Accounting and Cross collateralization issues:  these are potentially a significant issue for the authors since it may be that each author comes to the joint relationship with some prior contractual relationship with that publisher.  And in that prior contractual relationship, each author may have unrecouped sums in his or her account.  Initially of course it is absolutely essential from the author’s standpoint that in the within publishing agreement all references to the right of the publisher to cross-collateralize other accounts with the one established for this book be deleted.  (read “Cross Collateralization in Publishing Contracts”).

        It becomes infinitely more complex if this provision is not deleted.  If the current, jointly authored book sells well enough, whether or not sufficiently well to recoup the advance, but one or both of the authors is not recouped under some other agreement with the publisher, the publisher may have the right to recoup from both authors in the current contract unrecouped amounts due only one or both authors in other contracts with that publisher.  The Publisher may have the right to recourse against both authors in the current contract and this recourse may be as to both royalties as well as any unpaid advances to a particular point in time.  Thus, if the unrecouped author’s share of the advances or royalties due under the current contract were insufficient to allow full recoupment of a sum owed under another contract, the co-author could find his or her royalties charged for the overage or indeed the entirety.  Thus, what the co-author agreement should provide is for separate accounts as to both co-authors without any right of cross-collateralization between them or as to any prior agreements.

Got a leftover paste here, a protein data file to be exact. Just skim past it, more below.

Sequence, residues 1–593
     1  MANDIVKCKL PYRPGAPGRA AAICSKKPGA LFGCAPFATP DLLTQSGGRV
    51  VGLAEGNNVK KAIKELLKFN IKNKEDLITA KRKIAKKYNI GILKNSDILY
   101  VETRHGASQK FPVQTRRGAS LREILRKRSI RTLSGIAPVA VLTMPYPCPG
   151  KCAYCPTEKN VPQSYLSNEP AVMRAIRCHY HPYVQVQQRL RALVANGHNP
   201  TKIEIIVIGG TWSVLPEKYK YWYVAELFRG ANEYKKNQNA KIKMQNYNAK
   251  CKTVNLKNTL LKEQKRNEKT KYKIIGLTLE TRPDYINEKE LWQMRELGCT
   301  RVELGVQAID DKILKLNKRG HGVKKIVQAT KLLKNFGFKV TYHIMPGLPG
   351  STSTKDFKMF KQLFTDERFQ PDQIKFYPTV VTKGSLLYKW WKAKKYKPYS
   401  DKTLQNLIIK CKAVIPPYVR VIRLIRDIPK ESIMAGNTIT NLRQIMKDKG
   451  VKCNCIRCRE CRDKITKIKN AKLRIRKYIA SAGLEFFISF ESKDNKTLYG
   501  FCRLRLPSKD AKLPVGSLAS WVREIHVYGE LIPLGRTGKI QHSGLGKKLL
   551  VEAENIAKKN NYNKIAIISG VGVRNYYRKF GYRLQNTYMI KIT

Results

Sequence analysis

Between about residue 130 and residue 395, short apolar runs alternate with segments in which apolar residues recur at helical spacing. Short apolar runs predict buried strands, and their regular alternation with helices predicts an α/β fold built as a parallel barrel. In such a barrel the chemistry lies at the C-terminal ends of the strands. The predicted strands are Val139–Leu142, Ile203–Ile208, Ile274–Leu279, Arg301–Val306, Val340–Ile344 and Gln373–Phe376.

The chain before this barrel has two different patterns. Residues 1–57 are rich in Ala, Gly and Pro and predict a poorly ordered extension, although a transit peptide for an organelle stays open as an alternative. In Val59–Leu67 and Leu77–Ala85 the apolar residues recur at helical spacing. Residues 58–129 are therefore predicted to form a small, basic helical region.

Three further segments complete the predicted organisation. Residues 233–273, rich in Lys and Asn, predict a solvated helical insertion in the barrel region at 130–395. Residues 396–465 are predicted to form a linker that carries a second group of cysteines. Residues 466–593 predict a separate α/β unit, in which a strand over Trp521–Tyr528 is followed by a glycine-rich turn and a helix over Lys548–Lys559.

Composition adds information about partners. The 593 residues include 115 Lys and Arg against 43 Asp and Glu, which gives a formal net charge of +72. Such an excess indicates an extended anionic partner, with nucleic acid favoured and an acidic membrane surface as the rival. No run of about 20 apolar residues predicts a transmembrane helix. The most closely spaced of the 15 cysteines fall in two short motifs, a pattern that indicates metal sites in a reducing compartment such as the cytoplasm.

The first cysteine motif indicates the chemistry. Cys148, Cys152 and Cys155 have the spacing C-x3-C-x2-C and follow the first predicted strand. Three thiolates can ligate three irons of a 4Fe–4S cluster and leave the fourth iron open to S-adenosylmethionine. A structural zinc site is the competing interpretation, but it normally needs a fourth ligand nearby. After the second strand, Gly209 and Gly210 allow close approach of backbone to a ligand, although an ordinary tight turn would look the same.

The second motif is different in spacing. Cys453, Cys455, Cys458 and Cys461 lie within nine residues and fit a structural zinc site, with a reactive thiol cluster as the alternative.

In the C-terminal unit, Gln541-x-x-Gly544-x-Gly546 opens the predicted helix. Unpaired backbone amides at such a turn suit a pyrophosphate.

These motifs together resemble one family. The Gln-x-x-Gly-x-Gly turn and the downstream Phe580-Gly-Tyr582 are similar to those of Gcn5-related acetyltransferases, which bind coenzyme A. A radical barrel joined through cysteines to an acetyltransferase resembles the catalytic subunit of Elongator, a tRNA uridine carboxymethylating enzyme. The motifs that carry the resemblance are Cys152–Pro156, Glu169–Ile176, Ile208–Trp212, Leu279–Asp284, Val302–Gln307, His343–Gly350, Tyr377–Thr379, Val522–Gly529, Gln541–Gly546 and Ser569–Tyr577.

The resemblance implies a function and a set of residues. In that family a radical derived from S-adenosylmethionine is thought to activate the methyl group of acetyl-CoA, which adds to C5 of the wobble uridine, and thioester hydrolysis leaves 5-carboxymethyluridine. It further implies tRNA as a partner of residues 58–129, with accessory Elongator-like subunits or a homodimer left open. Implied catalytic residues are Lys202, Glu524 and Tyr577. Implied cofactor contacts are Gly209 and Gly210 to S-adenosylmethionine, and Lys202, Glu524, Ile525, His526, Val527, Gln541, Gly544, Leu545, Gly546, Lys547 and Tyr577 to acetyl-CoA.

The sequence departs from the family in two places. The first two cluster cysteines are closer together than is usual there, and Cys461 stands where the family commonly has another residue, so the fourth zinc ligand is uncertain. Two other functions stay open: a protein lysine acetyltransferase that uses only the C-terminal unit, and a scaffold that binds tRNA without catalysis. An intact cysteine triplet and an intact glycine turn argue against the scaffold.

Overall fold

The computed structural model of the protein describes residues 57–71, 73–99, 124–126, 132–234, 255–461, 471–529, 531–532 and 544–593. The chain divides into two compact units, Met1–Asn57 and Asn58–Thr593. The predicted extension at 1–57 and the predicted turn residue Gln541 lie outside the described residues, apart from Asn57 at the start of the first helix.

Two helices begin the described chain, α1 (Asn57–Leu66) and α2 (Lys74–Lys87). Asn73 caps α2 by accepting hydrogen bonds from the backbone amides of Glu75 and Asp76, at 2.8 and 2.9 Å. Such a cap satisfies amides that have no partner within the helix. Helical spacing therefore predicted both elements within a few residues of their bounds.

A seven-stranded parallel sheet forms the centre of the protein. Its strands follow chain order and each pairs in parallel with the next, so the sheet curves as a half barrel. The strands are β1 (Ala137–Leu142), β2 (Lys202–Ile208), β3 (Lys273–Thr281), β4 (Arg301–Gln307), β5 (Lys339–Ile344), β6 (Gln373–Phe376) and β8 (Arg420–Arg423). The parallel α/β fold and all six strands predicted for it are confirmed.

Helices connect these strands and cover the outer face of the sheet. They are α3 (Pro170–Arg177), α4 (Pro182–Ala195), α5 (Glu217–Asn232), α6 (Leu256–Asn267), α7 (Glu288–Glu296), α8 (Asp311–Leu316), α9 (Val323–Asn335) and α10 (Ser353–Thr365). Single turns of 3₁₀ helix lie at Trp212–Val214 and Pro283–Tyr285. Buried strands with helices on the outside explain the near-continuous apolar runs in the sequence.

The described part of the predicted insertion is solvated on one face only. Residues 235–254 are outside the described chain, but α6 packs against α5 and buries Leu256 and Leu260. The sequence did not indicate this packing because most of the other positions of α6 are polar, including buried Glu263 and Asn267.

Rights and Obligations to do Revisions:  Revisions are potentially a hot button issue in negotiations (at least if the authors do not simply sign what is put in front of them).  Here is the scenario:  what if the publisher decides to do a revision and offers both authors the right to do that revision and only one such author decides to do it? (read “Revised Edition Clauses in Book Contracts” for other issues.)  Given that there are usually provisions that exclude a “refusing” author any rights to participate in the sales of the revised edition and given that income from the initial edition is likely to suffer as a result of the publishing of the revised edition, and given that both authors are thus going to lose income from that initial edition but the participating author will receive income from the revised edition, what happens to that income from such revised edition?  Is this to be shared with the original co-author even if the original co-author has refused to do the revision?  Keep in mind that as co-authors, absent a written collaboration agreement dealing with the point, the law presumes the collaborators to be equal owners of all rights in the book and that would presumably include all rights in any contracts related to the book.  As indicated above, each author has an obligation to account to the other for any income received from the exploitation of the book.  The implication here is that the non-participating author would have at least a claim to that author’s share of the income received from the revision.